Doc's note: Last week, I shared part one of our interviews with Dr. Param Dedhia where he explained how this year's flu season will be different, when you should get your flu shot, and his tip for getting the most out of your flu vaccine.
In today's issue, Health & Wealth Bulletin Managing Editor Laura Bente asked Param what we can do to reduce our risk of getting the flu. And he shared three simple steps you can take every day to stay safe during this cold and flu season... (Edited for length and clarity.)
Laura Bente: Last week, you told readers that to lower their risk of the flu is to continue what we've already done for COVID-19... maintaining social distancing and keep washing our hands. What else should folks focus on?
Dr. Param Dedhia: Right now, we know that the best thing to do is practice social distancing. What we've got to focus on is decreasing the risk of transmission. The flu and COVID-19 are transmitted through contact droplets and what we call fomites – different things that can carry the virus. So you want to keep washing your hands and social distancing.
Here's the thing that I'm always amazed we don't speak about enough. The nasal passage and oral passage are where the majority of this stuff is coming into. These viruses come in through our nose and out through our mouth.
The biggest risk is the viral load... how much we accumulate in our nasal passage and our throats. That's where a saline rinse, saltwater gargle, and making sure we're well hydrated help out. The saliva in our throats and the nasal droppings (snot) in our head make it a lot easier for bacteria, viruses, and any infection to just stay there. So it's better that a person clear out their nasal and oral passages.
This is why I love salt. Salt has been shown to be antiviral and antibacterial. I'm not saying it's a cure for COVID-19, but we should do whatever we can to decrease the accumulation of a virus. There has to be a certain load of this that tips it over to a higher likelihood.
Laura: So the nasal rinsing and saltwater gargling help to decrease that viral load?
Dr. Dedhia: Exactly. And again, we talked about this early on, but as I've said, there's a fatigue of information and news going on. But people still need to be paying attention to what they're doing.
I would encourage everyone to consider a nasal saline wash, saltwater gargling, and to stay well hydrated. Those are little things I want everyone to do.
Laura: Do you recommend folks use a saline rinse and gargle with saltwater once a day?
Dr. Dedhia: A minimum of once a day. For me, I do it in the mornings. But I'll also do it again when I get home from the office, especially if I've seen a patient who might be sick.
Laura: What can folks use to keep their nasal passages clear?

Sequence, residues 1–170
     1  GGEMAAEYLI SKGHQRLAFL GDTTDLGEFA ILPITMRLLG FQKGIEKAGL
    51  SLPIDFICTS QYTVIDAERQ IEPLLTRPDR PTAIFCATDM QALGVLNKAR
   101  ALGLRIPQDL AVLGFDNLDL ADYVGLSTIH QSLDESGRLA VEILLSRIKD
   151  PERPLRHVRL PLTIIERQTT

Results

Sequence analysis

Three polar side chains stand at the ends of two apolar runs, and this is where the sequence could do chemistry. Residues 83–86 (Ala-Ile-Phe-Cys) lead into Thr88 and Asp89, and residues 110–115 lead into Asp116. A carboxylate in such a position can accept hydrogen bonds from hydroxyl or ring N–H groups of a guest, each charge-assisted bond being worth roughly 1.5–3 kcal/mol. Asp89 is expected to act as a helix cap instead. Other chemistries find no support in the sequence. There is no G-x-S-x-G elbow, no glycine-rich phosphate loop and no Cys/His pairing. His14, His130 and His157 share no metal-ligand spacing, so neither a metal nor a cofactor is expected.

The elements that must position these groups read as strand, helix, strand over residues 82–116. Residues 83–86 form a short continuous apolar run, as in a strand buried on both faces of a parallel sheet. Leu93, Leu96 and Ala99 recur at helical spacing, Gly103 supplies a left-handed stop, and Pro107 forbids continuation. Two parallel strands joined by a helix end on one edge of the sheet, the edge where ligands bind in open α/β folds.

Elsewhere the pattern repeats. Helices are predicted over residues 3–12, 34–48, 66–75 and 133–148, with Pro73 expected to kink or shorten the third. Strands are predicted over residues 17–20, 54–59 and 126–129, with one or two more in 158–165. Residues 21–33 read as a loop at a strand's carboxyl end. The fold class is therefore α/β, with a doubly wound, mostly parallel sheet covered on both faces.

Dr. Dedhia: A neti pot. This has been around for a long time, so it's not a fad. And you can carry it around in your purse or bag. If you've been in a high-risk setting, you can flush out your nasal passage relatively easily. You can also gargle anywhere. Just keep a small packet of salt with you and add it to a bit of water. It's not pleasant. It doesn't taste great. But it helps.
I don't want to make this complicated for people. I'm trying to make it simple.
Laura: You also mentioned hydration. Can you explain that more?
Dr. Dedhia: We talked about this in our article on travel – salt water and hydration. People need to hydrate better. We keep forgetting how important hydration is. It's a great way for us to improve our immune system. Salt gets absorbed really well. If you can remember back to high school chemistry, water follows salt. So if you can absorb salt, you can bring more water into your body. These are some of the beautiful parts of thinking about the benefits of salt.
Laura: Salt has a bad reputation. We hear from lots of folks who try to reduce their salt intake.
Dr. Dedhia: Yeah, so that brings up the salt in our food versus when we're dehydrated. I'm not saying you need more salt. You need to look at a person and ask, "Are you well hydrated? Do you need to hydrate better?" And if you are needing to hydrate better – meaning that you're in a certain situation where you're not taking in enough water and getting dehydrated – take something with a little bit of salt to get yourself hydrated.
Laura: So what you're saying is that sodium helps our bodies absorb water better, which helps us hydrate better?
Dr. Dedhia: Exactly. Here at Canyon Ranch in Tucson, people are exercising and eating a low sodium diet. If they start feeling lightheaded and a little bit weak, I say, "Alright, you're going to take some soup." They should start feeling better in about half an hour.
Laura: Those seem like pretty simple ways to stay healthier. Any final thoughts for our readers?
Dr. Dedhia: Let's all be humble right now. This situation is hard. We can't be lectured, but we just need to be reminding ourselves what is helpful and what's not helpful. I want to help people remember what's helpful and then go from there.
Laura: Thanks for taking the time to share these tips with our readers.
And to all our readers out there, how are you staying safe? What questions do you still have? Let us know... [email protected].
What We're Reading...
- Did you miss it? Part one of our interview with Dr. Dedhia.
- The No. 1 way to hydrate (and no, it's not water).
- Something different: Three win Nobel medicine award for hepatitis C virus discovery.
Here's to our health, wealth, and a great retirement,
Dr. David Eifrig with Laura Bente
October 6, 2020